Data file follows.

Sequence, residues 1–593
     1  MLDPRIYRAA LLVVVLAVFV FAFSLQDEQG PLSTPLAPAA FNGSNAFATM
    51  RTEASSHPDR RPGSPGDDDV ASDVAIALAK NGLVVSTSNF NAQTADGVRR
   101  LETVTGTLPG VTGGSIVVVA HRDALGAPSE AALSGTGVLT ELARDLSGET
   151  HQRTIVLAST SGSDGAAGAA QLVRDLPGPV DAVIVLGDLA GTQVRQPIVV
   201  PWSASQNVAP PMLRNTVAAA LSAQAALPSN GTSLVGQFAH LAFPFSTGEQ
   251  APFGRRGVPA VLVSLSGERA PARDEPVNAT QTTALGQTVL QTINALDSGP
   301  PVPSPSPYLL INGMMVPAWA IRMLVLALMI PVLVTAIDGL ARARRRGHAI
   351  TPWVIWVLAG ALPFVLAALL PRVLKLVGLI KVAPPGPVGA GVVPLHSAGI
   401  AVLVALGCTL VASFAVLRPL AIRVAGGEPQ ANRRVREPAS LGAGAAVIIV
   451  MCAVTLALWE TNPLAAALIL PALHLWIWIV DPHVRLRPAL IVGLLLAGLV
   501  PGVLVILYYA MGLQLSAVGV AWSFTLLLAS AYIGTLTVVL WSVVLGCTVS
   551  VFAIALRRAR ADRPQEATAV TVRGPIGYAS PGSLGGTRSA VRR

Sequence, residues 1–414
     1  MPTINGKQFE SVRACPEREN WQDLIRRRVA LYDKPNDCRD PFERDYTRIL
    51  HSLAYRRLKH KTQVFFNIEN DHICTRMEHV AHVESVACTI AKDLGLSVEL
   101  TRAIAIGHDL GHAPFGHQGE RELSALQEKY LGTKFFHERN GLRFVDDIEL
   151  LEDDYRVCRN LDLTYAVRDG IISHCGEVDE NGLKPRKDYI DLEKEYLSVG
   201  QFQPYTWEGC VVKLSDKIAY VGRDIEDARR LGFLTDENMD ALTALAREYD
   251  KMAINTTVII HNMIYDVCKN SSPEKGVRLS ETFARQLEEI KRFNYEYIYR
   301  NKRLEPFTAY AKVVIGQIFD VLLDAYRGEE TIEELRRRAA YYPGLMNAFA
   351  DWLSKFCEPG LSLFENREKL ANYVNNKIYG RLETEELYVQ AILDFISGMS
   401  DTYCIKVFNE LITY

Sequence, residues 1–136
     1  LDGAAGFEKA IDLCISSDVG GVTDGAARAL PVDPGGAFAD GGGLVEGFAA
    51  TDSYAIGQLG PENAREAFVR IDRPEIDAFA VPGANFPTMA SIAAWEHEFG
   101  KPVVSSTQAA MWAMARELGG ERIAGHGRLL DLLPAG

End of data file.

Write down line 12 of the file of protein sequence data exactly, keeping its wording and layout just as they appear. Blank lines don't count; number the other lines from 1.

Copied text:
   501  PGVLVILYYA MGLQLSAVGV AWSFTLLLAS AYIGTLTVVL WSVVLGCTVS